FOAFers complain XFN is half-baked. And that it confuses pages with people. A URL is apparently insufficient to be a UID for someone. Though Ryan appropriately responds that
Second, why can’t URLs be used to identify people? Homepage URLs are as meaningful as email addresses (or hashes of email addresses, as I believe FOAF uses), so why can’t they be used to identify people?
Danny disagrees :
What happens if someone made a statement about the URL, say providing its dc:creator?
The use of a URI is questionable for the purpose in any case, see Identifying things in FOAF.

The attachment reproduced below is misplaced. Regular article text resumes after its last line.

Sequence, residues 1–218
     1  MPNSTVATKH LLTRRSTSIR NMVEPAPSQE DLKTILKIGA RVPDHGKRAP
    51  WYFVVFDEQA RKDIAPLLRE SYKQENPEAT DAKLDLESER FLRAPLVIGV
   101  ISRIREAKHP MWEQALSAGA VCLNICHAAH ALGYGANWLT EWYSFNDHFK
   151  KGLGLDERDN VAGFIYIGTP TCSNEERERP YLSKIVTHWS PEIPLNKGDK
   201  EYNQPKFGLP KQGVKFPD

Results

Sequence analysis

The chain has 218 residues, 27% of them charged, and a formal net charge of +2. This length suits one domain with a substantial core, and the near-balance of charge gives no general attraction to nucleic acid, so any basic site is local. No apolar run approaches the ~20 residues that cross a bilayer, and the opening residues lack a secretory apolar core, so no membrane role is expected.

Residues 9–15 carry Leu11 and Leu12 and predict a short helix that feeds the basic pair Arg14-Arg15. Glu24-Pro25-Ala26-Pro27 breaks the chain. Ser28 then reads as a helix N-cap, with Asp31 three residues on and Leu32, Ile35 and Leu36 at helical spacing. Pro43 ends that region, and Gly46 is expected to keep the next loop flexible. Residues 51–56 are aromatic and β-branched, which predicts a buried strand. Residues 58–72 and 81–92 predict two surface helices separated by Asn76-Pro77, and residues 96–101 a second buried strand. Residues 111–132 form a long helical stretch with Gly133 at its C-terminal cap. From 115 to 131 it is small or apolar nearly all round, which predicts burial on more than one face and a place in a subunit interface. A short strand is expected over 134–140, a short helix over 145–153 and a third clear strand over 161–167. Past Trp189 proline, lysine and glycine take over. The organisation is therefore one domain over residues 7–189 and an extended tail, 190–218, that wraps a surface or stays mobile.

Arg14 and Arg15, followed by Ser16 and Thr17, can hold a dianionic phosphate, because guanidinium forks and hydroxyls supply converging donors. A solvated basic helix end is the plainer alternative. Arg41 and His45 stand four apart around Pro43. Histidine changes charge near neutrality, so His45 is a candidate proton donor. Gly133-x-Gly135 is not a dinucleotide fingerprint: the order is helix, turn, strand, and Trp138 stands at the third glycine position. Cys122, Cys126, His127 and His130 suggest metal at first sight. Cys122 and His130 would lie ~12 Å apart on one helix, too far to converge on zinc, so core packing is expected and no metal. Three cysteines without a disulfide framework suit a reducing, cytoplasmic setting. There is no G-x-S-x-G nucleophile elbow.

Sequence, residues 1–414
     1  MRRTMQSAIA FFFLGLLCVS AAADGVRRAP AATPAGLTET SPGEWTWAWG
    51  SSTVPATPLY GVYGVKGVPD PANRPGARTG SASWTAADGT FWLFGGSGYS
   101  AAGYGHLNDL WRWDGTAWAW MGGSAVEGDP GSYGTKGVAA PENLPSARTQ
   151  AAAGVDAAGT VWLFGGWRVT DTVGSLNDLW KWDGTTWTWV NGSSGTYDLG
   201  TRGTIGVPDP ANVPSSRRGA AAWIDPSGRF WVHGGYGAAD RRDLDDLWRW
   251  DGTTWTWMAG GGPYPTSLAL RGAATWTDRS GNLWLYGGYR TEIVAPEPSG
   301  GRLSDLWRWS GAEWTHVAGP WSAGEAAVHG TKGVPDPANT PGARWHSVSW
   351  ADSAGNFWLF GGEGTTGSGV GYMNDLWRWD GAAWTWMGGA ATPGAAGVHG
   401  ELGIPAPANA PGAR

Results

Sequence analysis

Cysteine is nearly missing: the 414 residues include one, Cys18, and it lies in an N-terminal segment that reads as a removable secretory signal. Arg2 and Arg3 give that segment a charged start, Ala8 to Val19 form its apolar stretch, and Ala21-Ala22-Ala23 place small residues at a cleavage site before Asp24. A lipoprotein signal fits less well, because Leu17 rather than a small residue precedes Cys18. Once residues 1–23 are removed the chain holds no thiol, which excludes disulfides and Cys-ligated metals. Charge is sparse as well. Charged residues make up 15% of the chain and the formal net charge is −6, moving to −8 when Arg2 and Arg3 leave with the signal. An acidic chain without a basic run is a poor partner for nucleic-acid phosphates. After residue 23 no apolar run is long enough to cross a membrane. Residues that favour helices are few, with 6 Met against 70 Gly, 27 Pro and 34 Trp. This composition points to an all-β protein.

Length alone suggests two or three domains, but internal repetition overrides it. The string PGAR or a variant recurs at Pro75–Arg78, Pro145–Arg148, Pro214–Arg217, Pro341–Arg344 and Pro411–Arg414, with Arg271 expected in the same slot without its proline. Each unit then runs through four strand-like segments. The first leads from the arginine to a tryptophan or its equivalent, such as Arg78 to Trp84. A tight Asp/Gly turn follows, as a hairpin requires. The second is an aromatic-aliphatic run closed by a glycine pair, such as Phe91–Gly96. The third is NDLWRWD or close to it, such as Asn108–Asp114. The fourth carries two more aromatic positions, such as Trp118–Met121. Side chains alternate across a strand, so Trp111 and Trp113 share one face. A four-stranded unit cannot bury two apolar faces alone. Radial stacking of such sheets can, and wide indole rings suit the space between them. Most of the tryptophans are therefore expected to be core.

The first of these would certainly create confusion, and there's no type-system in XFN to stop it. The second point I'm not sure I get so I'll reserve judgement.
Ryan's other big point : Microformats are designed for "humans first, machines second".
That seems important. Any format with two (potential) user constituencies is probably in better shape than a format with only.
Danny is being a bit disingenuous about this by saying
XFN markup isn’t really any more human-friendly than FOAF’s RDF/XML, and what’s more without a machine to interpret the stuff there’s not much for the human either way.